Refractive index change dominates the transient absorption response of metal halide perovskite thin films in the near infrared†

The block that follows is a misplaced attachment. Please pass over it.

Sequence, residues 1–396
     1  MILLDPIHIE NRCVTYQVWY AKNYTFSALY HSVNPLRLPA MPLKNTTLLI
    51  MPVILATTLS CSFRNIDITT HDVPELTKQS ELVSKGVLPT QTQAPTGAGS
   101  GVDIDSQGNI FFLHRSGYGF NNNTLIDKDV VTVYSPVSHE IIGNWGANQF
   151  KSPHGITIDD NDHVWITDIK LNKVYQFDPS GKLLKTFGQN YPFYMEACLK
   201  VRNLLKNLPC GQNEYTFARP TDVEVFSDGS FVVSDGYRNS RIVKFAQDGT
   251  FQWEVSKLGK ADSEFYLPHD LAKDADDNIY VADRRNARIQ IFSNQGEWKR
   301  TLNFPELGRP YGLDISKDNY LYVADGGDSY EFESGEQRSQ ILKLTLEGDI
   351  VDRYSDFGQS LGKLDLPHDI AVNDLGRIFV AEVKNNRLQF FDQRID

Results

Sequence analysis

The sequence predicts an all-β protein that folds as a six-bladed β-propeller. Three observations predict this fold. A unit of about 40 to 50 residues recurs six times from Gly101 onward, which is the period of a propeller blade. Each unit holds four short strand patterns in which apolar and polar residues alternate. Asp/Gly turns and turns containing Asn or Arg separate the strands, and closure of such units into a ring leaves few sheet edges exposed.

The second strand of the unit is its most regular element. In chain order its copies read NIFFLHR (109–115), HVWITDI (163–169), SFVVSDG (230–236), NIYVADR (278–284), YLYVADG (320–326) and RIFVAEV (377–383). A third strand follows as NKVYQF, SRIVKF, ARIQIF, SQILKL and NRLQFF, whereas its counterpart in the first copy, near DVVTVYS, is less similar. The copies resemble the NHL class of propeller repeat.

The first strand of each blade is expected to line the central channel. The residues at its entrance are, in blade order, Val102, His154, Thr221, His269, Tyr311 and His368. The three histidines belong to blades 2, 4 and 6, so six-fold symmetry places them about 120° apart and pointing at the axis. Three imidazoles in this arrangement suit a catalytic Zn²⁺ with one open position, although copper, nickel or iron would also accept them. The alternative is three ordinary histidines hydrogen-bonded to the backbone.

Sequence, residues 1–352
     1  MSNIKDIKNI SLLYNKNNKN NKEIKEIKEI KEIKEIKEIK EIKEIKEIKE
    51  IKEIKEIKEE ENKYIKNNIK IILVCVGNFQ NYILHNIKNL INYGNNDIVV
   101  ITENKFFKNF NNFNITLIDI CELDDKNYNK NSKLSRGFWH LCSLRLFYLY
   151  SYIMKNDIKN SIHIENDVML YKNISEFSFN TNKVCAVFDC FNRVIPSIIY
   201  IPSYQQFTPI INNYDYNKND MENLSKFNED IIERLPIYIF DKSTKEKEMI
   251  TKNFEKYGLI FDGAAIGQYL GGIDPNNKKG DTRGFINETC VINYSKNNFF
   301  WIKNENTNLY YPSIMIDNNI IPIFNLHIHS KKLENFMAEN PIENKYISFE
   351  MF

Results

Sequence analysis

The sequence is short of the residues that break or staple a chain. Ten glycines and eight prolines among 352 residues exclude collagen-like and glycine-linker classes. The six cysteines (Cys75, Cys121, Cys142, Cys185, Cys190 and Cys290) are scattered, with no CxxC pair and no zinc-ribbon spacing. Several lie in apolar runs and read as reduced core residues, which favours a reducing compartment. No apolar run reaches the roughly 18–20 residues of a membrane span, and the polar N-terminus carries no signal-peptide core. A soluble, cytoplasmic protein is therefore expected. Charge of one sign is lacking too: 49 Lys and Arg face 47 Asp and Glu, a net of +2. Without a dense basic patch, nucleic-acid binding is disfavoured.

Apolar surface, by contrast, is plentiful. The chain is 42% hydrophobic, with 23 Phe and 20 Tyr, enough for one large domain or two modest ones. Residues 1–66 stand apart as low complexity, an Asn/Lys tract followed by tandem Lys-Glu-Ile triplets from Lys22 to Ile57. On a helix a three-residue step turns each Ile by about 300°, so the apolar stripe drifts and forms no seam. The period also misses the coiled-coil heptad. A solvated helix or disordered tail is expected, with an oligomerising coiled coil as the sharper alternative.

Perovskites have lately attracted a lot of attention as promising materials for the next-generation of efficient, low-cost, and solution processable optoelectronics. Their complex transient photophysics, in time scales ranging from femtoseconds to seconds, have been widely investigated. However, in most of the reported works the spectral window of ultrafast transient absorption (TA) spectroscopy of perovskite films is limited to the visible region, hence missing crucial information coming from the near-infrared (NIR). Furthermore, the measured TA responses are affected by light interference in a thin perovskite layer making data interpretation a challenge even in the visible part of the spectrum. Here, we demonstrate a method that allows us to separately obtain the changes in absorption and refractive index from conventional transmission and reflection pump–probe measurements. We show that the contribution of the absorption change to the response of metal halide perovskite thin films in the NIR is much smaller than that of the refractive index change. Furthermore, the spectral shape of TA responses in the NIR range is predominantly determined by perovskite layer thickness and its refractive index. However, the time profile of the responses bears important information on the carrier dynamics and makes the NIR a useful range to study perovskite photophysics.